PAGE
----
With its recently-issued opinion in Elsman v. HSBC Bank USA as Trustee for MLMI 2006-AF1, slip op. 5D14-1753, 41 Fla. L. Weekly D57b, 2015 WL 9491875 (Dec. 31, 2015), the Fifth DCA has added to a growing body of case law regarding what is required to evidence a plaintiff’s standing to foreclose a mortgage. In Elsman, the plaintiff asserted standing as holder of the promissory note at issue but failed to attach an endorsed copy of the promissory note at issue to its complaint or to present any alternate evidence of its status as holder.

Because the plaintiff, HSBC Bank USA, as Trustee for MLMI 2006-AF1, was not the named payee of the note, the court recognized that HSBC had to demonstrate that the note was either specially endorsed to it or was endorsed in blank. Citing McLean v. JP Morgan Chase Bank Nat’l Ass’n, 79 So. 3d 170, 173 (Fla. 4th DCA 2012), the court further acknowledged that standing must exist at the time that a foreclosure complaint is filed. In other words, the note had to be specially endorsed to HSBC or endorsed in blank when HSBC filed its complaint against Elsman.

The court held that HSBC failed to prove the existence of such an endorsement at the time that the complaint was filed. HSBC’s complaint, which sought to reestablish a lost note, included as an exhibit a copy of Elsman’s promissory note without any endorsements. HSBC later filed the original note with the court, which bore an undated special endorsement from Quicken Loans to HSBC. As the copy of the note attached to the complaint did not also bear the endorsement, and as the endorsement on the original note was undated, the Fifth DCA held that this could not prove that the endorsement existed at the time that the complaint was filed. As a result, the endorsement on the original note could not support HSBC’s assertion that it had standing as holder of the note to foreclose at the inception of the case.

Also, while HSBC attempted to present other evidence of its standing at trial, the Fifth DCA held that such evidence did not establish that HSBC was the holder of the note when it initiated the foreclosure action. HSBC offered a note assignment from Quicken Loans to HSBC, but it postdated the complaint by six days and therefore could not show that HSBC held the note on the day that the complaint was filed. Furthermore, the trial court took judicial notice of “a document referencing the pooling and servicing agreement” that showed the date on which the MLMI 2006-AF1 trust was created and “referenced the subject trust,” and admitted into evidence the loan servicer’s loan transfer history showing a “transfer to Wells Fargo as master servicer for the subject trust.” However, as the Fifth DCA noted, neither document evidenced that the note was endorsed to HSBC at the time the complaint was filed and thus did not demonstrate HSBC’s standing.

In holding that HSBC failed to demonstrate standing, the Fifth DCA relied heavily on its opinion in Schmidt v. Deutsche Bank, 170 So. 3d 938 (Fla. 5th DCA 2015), where the plaintiff also failed to attach an endorsed copy of the note at issue to its complaint and did not present any other evidence at trial that established its standing to foreclose. It is notable that in Elsman and Schmidt, as well as in other recently-decided cases such as Guzman v. Deutsche Bank National Trust Co., slip op. 4D14-2509, 40 Fla. L. Weekly D2630a, 2015 WL 7568558 (Fla. 4th DCA Nov. 25, 2015) and Kenney v. HSBC Bank USA, N.A., 175 So. 3d 377 (Fla. 4th DCA 2015), the courts discussed the exhibits attached to the complaint alongside other “evidence” regarding the issue of standing. Presumably, if the copies of the notes attached to the complaints in those cases had included endorsements identical to those found on the original notes, the courts would have determined that the plaintiffs had presented competent and substantial evidence that the endorsements existed when the complaints were filed. In fact, the First DCA held precisely that in Clay County Land Trust No. 08-04-25-0078-014-27 v. JP Morgan Chase Bank, National Ass’n, 152 So. 3d 83 (Fla. 1st DCA 2014). Clay County was factually inverse to Elsman, as the plaintiff there attached a copy of a note that was endorsed in blank to its complaint, and later presented the identical original note to the trial court. The First DCA determined by attaching a copy of the endorsed note to it foreclosure complaint, the plaintiff evidenced its standing to foreclose as holder of the note “as a matter of law.” Id.at 85.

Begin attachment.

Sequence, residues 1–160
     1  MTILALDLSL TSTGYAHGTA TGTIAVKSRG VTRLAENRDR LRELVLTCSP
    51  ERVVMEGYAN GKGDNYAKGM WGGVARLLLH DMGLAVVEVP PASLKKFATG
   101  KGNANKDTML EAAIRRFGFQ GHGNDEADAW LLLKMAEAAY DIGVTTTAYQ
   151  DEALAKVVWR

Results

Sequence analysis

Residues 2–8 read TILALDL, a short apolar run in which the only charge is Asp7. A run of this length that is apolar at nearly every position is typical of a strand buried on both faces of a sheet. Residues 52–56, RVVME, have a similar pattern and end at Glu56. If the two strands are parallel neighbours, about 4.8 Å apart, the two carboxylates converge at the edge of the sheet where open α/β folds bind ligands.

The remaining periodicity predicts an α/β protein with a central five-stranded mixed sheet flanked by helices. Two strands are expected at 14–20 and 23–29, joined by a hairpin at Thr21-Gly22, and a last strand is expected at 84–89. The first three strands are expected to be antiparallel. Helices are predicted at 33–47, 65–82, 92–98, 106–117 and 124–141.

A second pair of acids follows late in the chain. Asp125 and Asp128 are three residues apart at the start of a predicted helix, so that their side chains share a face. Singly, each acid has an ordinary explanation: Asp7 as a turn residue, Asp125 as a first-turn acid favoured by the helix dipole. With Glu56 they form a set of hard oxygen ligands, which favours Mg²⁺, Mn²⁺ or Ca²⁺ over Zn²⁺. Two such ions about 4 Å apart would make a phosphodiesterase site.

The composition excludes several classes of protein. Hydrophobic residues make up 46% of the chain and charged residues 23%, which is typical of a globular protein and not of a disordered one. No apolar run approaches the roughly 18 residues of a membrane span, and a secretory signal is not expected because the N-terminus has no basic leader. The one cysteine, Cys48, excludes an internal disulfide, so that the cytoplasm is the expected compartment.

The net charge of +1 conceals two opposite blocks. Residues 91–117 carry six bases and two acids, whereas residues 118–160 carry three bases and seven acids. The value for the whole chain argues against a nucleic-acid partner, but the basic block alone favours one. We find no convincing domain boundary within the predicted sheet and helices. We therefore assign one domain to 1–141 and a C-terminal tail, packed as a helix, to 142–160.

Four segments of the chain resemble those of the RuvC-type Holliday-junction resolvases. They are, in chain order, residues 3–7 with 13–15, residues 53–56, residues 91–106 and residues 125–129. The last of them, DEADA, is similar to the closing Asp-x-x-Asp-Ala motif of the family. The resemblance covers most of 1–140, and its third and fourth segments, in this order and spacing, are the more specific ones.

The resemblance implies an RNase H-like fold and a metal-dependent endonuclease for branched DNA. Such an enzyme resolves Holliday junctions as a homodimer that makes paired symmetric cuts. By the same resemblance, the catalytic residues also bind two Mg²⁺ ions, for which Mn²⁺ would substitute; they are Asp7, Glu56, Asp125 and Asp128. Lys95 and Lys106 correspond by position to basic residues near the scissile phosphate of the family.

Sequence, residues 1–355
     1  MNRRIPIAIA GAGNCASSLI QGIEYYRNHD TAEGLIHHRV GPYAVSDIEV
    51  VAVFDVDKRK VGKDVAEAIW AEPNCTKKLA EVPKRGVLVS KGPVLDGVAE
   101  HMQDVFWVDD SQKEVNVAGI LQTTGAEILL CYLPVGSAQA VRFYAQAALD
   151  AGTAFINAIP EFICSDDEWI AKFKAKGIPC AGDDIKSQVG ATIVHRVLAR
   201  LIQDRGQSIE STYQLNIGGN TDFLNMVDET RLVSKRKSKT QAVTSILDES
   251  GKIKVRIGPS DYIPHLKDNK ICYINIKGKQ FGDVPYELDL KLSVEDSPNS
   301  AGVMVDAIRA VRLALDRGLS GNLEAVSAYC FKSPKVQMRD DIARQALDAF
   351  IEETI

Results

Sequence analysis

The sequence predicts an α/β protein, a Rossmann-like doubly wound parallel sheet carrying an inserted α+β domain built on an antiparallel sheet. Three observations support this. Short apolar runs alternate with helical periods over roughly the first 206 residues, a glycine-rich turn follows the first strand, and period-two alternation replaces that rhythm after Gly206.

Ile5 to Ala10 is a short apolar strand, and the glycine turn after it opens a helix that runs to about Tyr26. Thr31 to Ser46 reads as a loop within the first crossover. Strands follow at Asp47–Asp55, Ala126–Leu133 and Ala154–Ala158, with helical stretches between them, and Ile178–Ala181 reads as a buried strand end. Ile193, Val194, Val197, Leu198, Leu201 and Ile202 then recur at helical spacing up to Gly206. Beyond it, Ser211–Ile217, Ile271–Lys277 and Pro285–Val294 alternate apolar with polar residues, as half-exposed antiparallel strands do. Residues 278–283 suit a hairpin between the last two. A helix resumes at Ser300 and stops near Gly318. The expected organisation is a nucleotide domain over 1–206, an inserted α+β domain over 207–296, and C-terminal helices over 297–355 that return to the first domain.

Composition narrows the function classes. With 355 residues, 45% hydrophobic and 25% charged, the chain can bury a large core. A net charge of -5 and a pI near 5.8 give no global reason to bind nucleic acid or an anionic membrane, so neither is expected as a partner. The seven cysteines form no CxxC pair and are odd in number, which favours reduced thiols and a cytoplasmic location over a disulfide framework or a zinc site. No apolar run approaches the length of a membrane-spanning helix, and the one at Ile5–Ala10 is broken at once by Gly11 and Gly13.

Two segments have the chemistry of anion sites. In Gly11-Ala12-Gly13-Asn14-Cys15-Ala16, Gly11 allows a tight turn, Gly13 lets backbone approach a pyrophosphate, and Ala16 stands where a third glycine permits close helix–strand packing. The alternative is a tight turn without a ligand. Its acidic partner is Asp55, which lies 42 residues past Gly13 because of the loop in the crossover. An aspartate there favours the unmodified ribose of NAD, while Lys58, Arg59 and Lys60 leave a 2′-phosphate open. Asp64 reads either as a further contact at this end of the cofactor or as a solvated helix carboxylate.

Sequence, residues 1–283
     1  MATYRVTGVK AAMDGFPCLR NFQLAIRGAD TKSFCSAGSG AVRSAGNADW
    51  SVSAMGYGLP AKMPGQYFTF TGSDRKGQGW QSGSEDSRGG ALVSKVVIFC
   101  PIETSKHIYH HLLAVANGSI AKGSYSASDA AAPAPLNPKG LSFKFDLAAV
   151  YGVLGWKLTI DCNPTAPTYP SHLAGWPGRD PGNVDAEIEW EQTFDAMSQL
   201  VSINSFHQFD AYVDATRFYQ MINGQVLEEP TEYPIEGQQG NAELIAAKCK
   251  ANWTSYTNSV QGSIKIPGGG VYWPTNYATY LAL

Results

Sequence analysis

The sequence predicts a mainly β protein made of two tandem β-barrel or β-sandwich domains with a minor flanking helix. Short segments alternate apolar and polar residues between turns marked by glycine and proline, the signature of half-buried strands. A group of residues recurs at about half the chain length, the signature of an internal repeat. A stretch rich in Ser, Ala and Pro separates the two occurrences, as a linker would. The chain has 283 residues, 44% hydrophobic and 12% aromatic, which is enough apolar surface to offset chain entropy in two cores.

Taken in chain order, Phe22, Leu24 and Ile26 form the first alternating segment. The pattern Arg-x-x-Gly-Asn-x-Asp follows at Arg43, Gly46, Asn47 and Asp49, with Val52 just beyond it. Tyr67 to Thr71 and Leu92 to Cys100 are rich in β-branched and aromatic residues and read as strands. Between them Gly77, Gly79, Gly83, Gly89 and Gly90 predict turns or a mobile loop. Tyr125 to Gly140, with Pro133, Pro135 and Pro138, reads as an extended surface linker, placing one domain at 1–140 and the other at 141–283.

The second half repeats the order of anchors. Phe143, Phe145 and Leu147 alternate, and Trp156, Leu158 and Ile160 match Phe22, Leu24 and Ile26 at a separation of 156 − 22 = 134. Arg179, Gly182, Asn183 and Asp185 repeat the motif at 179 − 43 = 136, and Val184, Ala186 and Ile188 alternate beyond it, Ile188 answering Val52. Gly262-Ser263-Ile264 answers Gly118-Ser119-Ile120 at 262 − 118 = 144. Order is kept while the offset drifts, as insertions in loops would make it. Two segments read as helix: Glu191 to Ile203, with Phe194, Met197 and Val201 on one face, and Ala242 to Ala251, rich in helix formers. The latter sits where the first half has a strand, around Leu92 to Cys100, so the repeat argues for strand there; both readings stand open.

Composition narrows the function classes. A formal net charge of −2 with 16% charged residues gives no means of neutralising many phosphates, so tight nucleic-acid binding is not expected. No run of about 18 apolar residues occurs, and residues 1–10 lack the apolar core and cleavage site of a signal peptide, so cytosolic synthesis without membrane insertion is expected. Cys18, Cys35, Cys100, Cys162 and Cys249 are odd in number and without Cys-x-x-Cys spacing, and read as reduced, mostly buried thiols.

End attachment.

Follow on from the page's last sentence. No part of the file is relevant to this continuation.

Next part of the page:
Thus, by comparing the copy of the note attached to the complaint to the original endorsed note, the Fifth DCA in Elsman provided additional support for the position that the copy of a promissory note attached to a foreclosure complaint can serve as evidence of a plaintiff’s standing, provided that the copy bears a special endorsement in favor of the plaintiff or a blank endorsement that also exists on the original note.

The full Elsman opinion can be viewed here.